The Moscow Times has reported that Russia has moved up 11 positions to 53rd out of 144 countries in the World Economic Forum’s latest Global Competitiveness Report 2014 – 2015 – putting it between the Philippines and Bulgaria. Russia’s overall rating was helped partly by improvements made in information and communications technology, and business sophistication.
Specifically, the report itself had this to say about Russia:
The Russian Federation is placed at 53rd position this year with some improvements related to the efficiency of goods markets (in particular domestic competition), ICT use, and business sophistication—although this arguably reflects some positive developments that took place before the Ukraine conflict started. At the time of writing, the Russian economy continues to face many deeply rooted challenges that will have to be addressed for the country to strengthen its competitiveness. Russia’s weak and inefficient institutional framework (97th) remains its Achilles heel and will require a major overhaul in order to eradicate corruption and favoritism (92nd) and re-establish trust in the independence of the judiciary (109th). Diversification of the economy will need reinforcing the very small SME sector as well as continued progress toward a stronger and more stable financial system (110th). These challenges prevent Russia from taking advantage of its competitiveness strengths, which are based on a well-educated population, fairly high levels of ICT use(47th), and its solid potential for innovation (65th). Going forward, the reverberations of the Ukraine conflict—such as sanctions and potential disruptions to the gas trade—could affect the country’s competitiveness.These implications could be especially serious given the reliance of the education and innovation sectors on public funding, which will become more scarce than it has been in previous years and for accessing technology developed abroad.
Interestingly enough, the Ukraine also moved up in the rankings to fall between the Slovak Republic and Croatia:
Ukraine moves up from 84th to 76th position, arguably reflecting expectations associated with its transition to a new government following the Euromaidan protests. The conflict in the eastern part of the country and in Crimea did not affect the results of the exercise in a substantial way, because it was still localized at the time when the Survey was conducted, yet it will most likely affect the country’s competitiveness going forward.The improvements in the GCI reflect more positive perceptions of institutions and the efficiency of markets.Other improvements reflect better educational outcomes,seen in a higher primary enrollment rate and more ICT use by individuals and business. At the time of writing,restoring peace in Eastern Ukraine is undoubtedly the country’s highest priority. However, far-reaching reforms will be necessary in order to put economic growth on a sustainable footing. These include an overhaul of the institutional framework (130th), along with measures to reduce the dominance of large companies in domestic markets (129th) and to make markets more competitive(125th) and hence more efficient (112th). A strengthening of financial markets would further help stabilize the economy and enable Ukraine to better take advantage of its numerous competitiveness strengths, such as its well-educated population and its market size, which is fairly large in the European context.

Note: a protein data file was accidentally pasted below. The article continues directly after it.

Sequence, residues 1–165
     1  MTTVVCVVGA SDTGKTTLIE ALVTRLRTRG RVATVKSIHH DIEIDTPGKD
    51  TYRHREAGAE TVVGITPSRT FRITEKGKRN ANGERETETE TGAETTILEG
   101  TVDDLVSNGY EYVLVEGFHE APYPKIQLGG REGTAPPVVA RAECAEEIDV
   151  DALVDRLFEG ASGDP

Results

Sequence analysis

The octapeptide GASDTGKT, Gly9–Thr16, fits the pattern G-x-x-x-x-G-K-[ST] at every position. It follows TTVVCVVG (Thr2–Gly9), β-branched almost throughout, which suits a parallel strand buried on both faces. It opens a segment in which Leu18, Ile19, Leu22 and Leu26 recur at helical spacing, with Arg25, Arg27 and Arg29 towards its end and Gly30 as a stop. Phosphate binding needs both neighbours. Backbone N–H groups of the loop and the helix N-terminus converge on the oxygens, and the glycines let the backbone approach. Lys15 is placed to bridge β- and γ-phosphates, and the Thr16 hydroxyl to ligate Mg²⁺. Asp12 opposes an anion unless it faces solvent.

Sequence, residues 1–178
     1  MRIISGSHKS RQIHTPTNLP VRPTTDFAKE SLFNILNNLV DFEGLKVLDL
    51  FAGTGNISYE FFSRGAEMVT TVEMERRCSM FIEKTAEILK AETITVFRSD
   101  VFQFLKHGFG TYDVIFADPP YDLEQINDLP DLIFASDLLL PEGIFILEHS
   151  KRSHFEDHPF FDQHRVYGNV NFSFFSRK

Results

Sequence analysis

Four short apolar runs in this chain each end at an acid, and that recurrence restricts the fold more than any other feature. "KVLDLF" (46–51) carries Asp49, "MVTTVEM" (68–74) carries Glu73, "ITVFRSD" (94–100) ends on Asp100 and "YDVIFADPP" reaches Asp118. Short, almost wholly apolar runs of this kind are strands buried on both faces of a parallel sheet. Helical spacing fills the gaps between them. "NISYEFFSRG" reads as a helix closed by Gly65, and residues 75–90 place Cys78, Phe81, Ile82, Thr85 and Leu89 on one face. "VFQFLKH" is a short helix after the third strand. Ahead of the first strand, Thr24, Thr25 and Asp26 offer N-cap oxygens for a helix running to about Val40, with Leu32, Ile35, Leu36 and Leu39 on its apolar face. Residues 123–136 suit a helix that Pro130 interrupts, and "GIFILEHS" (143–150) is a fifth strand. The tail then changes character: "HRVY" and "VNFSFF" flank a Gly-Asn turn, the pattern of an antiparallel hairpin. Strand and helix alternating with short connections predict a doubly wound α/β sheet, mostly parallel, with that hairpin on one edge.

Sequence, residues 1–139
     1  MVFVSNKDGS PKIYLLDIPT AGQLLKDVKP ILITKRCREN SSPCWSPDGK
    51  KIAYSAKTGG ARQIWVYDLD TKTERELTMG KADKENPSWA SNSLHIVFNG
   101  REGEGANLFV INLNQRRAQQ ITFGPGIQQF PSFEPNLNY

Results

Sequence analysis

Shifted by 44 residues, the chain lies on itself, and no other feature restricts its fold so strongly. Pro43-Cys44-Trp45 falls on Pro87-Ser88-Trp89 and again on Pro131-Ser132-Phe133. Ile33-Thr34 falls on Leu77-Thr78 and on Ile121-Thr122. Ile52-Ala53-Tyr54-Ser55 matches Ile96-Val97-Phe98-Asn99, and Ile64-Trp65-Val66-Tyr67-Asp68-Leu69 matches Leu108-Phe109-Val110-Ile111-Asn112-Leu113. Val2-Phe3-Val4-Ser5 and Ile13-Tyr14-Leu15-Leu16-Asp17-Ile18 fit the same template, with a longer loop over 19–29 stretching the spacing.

To read the whole article, Russia Goes Up 11 Places in Global Competitiveness Rating, go to the website of the Moscow Times. The Global Competitiveness Report 2014 – 2015 report can be downloaded on the World Economic Forum’s website.
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